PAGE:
Matthew is an associate editor of The American Journal of Managed Care® (AJMC®). He has been working on AJMC® since 2019 after receiving his Bachelor's degree at Rutgers University–New Brunswick in journalism and economics.
Cognitive behavioral therapy for insomnia delivered via telemedicine was found to be noninferior to in-person delivery in managing severity, with similar improvements in daytime functioning exhibited between the 2 methods, according to study findings.
Cognitive behavioral therapy for insomnia (CBTi) delivered via telemedicine was found to be noninferior to in-person delivery in managing severity, with similar improvements of daytime functioning exhibited between the 2 methods, according to study findings published in Sleep.
Although telemedicine has been questioned on its comparative efficacy to in-person visits and applicability to the older generation, as well as reimbursement issues, usage has risen substantially amid the coronavirus disease 2019 (COVID-19) pandemic.
Aligned with social distancing guidelines, telemedicine allows patients to receive consultations from physicians without risking infection. Moreover, a recent study published in the January 2019 issue of The American Journal of Managed Care® indicated that for established patients, telehealth virtual video visits may provide effective follow-up and enhanced convenience compared with traditional office visits.
Researchers sought to examine whether patients with insomnia would also benefit from CBTi delivered via telemedicine as opposed to face-to-face. They conducted a randomized, controlled, noninferiority trial that recruited 65 adults with chronic insomnia (46 women; mean [SD] age, 47.2 [16.3] years) who were randomized to 6 sessions of CBTi delivered individually via the telemedicine platform AASM SleepTM (n=33; CBT-TM) or in person (n=32; CBT-F2F).
In the trial, participants completed sleep diaries, the Insomnia Severity Index (ISI), and daytime functioning measures at pretreatment and post treatment visits and a 3-month follow-up. The trial’s primary end point compared how CBT-TM and CBT-F2F improved insomnia/sleep and daytime functioning, in which ISI served as the primary noninferiority outcome.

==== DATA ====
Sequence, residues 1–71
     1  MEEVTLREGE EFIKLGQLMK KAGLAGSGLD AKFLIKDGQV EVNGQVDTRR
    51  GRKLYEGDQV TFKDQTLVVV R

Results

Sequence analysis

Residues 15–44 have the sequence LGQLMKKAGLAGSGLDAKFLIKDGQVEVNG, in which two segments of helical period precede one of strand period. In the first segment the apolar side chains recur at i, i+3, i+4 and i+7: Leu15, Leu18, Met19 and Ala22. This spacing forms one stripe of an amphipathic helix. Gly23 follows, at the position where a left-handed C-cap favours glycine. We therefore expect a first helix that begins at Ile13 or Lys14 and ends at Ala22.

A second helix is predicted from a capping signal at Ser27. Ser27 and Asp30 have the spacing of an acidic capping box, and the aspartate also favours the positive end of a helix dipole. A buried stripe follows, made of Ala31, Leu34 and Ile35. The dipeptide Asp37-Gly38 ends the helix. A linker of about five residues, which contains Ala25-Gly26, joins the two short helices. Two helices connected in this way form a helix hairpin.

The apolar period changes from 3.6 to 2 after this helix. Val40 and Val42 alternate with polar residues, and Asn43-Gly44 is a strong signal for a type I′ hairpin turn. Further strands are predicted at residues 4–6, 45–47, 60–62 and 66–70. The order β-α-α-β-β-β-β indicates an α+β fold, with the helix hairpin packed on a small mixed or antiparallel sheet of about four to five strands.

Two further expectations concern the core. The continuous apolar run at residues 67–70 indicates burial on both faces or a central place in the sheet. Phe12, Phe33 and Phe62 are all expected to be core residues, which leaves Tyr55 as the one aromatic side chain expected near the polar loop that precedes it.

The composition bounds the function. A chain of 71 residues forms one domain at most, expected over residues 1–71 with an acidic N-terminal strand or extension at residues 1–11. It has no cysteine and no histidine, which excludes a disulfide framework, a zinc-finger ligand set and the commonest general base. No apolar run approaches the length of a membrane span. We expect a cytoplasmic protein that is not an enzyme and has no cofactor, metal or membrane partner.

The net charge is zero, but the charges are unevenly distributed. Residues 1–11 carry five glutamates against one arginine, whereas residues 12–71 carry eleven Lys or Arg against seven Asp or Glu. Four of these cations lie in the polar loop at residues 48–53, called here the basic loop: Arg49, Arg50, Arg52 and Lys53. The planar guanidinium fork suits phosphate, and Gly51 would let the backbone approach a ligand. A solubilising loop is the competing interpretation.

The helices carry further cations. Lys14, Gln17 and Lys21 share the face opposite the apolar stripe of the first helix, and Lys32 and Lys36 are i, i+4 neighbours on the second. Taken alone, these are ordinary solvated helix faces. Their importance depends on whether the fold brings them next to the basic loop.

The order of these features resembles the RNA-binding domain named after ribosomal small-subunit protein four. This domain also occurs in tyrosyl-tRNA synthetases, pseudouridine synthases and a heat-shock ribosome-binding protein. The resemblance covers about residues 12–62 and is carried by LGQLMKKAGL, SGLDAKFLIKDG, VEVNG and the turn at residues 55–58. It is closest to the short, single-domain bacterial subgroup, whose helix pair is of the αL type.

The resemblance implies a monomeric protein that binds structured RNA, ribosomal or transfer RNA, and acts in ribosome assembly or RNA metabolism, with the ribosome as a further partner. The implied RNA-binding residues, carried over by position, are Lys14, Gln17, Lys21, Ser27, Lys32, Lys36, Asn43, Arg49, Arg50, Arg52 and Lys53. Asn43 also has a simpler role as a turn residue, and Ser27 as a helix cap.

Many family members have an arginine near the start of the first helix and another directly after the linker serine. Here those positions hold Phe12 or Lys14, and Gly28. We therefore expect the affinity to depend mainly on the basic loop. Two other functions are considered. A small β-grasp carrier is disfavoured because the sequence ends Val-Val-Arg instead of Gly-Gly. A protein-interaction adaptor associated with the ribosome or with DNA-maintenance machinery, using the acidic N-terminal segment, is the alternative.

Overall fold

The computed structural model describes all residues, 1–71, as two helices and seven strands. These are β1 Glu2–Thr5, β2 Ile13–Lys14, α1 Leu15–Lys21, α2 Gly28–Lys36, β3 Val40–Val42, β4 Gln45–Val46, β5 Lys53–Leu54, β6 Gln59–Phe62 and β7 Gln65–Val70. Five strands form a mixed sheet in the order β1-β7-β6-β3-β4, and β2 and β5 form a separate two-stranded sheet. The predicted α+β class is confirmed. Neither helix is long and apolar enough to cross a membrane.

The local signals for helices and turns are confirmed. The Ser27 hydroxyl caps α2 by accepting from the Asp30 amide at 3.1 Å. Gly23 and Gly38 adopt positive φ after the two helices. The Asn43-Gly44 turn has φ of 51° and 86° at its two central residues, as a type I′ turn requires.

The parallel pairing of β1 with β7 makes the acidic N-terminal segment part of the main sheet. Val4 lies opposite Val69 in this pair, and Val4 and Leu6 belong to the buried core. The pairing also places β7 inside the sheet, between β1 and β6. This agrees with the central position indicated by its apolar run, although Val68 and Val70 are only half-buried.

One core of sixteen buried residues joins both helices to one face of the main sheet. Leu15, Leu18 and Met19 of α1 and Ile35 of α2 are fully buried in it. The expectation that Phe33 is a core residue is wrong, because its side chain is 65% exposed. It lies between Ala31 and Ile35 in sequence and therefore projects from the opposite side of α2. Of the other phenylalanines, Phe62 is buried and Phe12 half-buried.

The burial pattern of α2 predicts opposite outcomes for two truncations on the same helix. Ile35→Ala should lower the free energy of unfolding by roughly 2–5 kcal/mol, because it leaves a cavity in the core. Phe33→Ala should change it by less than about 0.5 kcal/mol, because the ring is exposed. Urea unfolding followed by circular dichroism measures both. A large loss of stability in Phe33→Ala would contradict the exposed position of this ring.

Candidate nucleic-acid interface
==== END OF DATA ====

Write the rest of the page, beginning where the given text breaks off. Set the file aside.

The secondary objective aimed to compare treatment credibility, satisfaction, and therapeutic alliance between CBT-TM and CBT-F2F.
When examining ISI based on a noninferiority margin of 4, CBT-TM was found to be noninferior to CBT-F2F at post treatment (β = 0.54; SE = 1.10; 95% CI, -1.64 to 2.72) and follow-up (β = 0.34; SE = 1.10; 95% CI, -1.83 to 2.53). Additionally, no difference was exhibited between the 2 treatment options in daytime functioning measures, which were significantly improved at post treatment and follow-up for all variables except the physical composite scale of the SF-12.
Although CBT-TM sessions were nearly 10 minutes shorter on average, participant ratings of therapeutic alliance was shown to be similar to that of CBT-F2F.
“Telemedicine delivery of CBT for insomnia is not inferior to face-to-face for insomnia severity and yields similar improvements on other sleep and daytime functioning outcomes,” said the study authors. “Further, telemedicine allows for more efficient treatment delivery while not compromising therapeutic alliance.”
Arnedt JT, Conroy DA, Mooney A, Furgal A, Sen A, Eisenberg D. Telemedicine versus face-to-face delivery of cognitive behavioral therapy for insomnia: a randomized controlled non-inferiority trial. Sleep. Published online July 13, 2020. doi:10.1093/sleep/zsaa136